Asbestos Abatement – Your Rights and Risks
The Asbestos Abatement Program, otherwise referred to as Asbestos Disposal, is responsible for making sure that abatement projects are done safely and according to the law; offers training, advice, and enforcement to make sure compliance with our state’s asbestos control act; and offers legal assistance to qualified asbestos abatement project participants. There are many aspects to the Asbestos Abatement Program, including periodic inspections and annual training. Inspections are required both before and after the asbestos removal process has been completed. There are also training seminars held monthly throughout the state.
During an inspection, your inspector will check for asbestos abatement, health hazards related to asbestos abatement, site contamination, potential electrical and plumbing problems, visual asbestos damage, and physical contamination, such as friable fibers and dust. The inspector will also check for radon and radium concentration. They may request sites to be tested for safety concerns such as radon gas presence, concentration, or soil quality. They will review your plan of action and provide a detailed written estimate as well as recommendations for asbestos abatement and safety. They may also recommend alternatives to asbestos abatement such as use of low-income housing or development of community gardens. Lastly, your inspector will address other issues such as disposal and compensation for employees exposed to the hazardous effects of Asbestos.
When it comes to asbestos abatement in public buildings and structures, project designers must abide by the federal regulations contained in the Americans With Disabilities Act (ADA). In addition to federal regulations, state and local governments may also have different laws or restrictions. Before you begin any work under the supervision of a contractor, be sure to find out about the specific requirements in your state. It is important that you consult with your states’ attorney general or state department of health to determine what your rights are in this matter.
In the process of asbestos abatement, contractors generally work with individuals affected by the condition, including family members, employees, friends, co-workers, and the public. It is important to remember that asbestos-containing materials should be kept in locked cabinets or filed in secure locations during demolition or asbestos removal. You should also keep notes regarding your rights during this process so that you can later document these if you need support in court. Asbestos abatement contractors also need to protect themselves from Asbestos poisoning.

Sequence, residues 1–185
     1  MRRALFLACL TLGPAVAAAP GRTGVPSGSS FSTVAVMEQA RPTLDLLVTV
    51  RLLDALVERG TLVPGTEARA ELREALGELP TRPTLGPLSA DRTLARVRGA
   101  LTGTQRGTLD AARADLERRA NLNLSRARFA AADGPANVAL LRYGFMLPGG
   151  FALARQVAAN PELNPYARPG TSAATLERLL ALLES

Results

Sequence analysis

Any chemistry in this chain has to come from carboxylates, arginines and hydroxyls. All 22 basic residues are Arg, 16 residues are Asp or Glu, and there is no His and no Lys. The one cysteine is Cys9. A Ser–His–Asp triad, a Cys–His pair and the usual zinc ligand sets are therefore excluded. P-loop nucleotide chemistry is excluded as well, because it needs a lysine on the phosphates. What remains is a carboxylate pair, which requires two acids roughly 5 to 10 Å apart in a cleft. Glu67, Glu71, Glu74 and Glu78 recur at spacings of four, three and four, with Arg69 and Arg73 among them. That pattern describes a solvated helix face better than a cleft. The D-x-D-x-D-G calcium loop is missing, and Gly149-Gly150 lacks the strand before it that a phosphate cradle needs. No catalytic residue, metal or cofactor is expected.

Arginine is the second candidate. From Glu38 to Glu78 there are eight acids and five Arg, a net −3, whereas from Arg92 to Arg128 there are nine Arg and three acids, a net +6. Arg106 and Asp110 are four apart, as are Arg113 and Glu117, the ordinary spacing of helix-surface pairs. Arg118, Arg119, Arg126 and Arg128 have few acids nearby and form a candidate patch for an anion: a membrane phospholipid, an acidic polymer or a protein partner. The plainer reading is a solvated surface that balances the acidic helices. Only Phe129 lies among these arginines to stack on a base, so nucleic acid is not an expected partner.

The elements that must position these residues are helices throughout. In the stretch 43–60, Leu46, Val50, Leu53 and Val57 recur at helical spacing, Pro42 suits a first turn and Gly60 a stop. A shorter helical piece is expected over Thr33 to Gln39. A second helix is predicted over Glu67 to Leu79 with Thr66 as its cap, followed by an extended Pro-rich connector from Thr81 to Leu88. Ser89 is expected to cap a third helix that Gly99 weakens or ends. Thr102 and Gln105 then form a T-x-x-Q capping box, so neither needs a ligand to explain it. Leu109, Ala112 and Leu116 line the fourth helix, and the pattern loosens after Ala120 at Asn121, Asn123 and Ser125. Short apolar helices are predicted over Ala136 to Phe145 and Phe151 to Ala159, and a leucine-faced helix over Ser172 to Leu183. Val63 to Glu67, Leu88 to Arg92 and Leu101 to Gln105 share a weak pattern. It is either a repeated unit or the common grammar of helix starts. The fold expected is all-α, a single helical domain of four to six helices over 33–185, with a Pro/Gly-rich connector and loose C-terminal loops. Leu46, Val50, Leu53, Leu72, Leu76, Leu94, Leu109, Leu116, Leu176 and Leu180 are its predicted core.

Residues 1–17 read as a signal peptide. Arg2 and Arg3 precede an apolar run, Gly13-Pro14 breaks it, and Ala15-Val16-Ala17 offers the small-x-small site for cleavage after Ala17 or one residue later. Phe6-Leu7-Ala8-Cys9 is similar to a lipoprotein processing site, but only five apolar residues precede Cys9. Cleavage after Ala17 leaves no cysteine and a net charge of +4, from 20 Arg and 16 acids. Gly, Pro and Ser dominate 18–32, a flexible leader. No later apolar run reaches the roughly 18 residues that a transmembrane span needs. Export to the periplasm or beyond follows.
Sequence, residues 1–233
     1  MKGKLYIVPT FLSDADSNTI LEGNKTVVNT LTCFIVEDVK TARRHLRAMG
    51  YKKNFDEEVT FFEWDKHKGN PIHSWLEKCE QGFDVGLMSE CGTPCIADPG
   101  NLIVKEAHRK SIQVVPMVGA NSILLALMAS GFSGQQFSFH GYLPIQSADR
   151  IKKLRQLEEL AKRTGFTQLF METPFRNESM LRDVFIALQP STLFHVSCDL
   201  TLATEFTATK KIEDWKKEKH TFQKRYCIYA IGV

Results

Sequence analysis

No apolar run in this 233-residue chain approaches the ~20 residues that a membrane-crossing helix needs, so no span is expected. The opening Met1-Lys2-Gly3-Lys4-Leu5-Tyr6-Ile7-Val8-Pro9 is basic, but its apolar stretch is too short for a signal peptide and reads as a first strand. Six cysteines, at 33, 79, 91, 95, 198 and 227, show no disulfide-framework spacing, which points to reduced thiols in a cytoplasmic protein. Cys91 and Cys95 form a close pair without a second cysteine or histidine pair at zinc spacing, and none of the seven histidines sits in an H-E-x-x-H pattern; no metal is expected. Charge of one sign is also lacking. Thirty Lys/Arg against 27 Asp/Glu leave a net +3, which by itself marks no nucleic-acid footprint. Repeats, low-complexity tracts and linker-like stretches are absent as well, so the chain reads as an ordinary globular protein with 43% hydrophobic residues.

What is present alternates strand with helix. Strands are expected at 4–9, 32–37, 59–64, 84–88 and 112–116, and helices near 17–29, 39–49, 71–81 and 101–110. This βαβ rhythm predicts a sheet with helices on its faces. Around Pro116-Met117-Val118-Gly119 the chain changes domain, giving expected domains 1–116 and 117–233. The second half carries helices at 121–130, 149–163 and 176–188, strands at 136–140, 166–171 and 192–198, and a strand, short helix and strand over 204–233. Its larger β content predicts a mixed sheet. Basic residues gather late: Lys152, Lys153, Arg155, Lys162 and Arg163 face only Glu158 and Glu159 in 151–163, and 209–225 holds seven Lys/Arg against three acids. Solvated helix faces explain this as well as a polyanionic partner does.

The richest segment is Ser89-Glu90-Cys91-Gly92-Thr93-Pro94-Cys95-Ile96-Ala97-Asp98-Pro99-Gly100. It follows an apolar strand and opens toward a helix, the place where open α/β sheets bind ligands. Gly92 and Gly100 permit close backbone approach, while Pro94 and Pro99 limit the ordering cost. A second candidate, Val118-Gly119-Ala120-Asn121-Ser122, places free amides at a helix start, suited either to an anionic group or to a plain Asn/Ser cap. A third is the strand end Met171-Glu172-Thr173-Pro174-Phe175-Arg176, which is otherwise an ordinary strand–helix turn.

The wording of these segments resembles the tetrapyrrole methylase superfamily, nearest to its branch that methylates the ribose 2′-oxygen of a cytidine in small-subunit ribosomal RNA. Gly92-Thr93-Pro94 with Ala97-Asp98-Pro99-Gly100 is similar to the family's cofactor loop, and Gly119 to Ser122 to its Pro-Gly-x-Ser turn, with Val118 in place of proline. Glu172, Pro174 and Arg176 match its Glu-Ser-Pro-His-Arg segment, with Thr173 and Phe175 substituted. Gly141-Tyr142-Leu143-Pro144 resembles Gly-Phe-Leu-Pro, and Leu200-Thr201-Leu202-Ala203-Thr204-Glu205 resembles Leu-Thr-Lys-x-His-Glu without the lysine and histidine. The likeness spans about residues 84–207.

In order to protect themselves, workers, and families from Asbestos-related illnesses and death, all asbestos abatement project designs should include stipulations and protocol for the safe storage, testing, and removal of Asbestos waste. Stipulations should include specific times and days that waste needs to be removed from the public buildings or facilities. Stipulations should also include the process for filing a complaint if a Asbestos related illness occurs as a result of a poorly handled Asbestos abatement project. Also, all asbestos management plans and protocols related to personal protective equipment (PPE) should be included.
The health effects of Asbestos exposure include, but are not limited to, chest illnesses, asbestosis, pleural plaques, lung cancer, asbestosis scarring, and damage to the nervous system, kidney and intestinal function, blood cell counts, and hormonal changes. To be aware of your unique risks, you should schedule an appointment with an asbestos abatement specialist today. During your initial visit, the specialist will asses your specific situation and discuss your occupational safety and health needs. If asbestos removal is recommended based on your evaluation, a contractor will discuss with you the options for asbestos abatement, including what types of asbestos materials will be used, the time it will take to complete the project, and the associated risk factors. By having this consultation, you will have a better understanding of your asbestos exposure and your unique risk factors.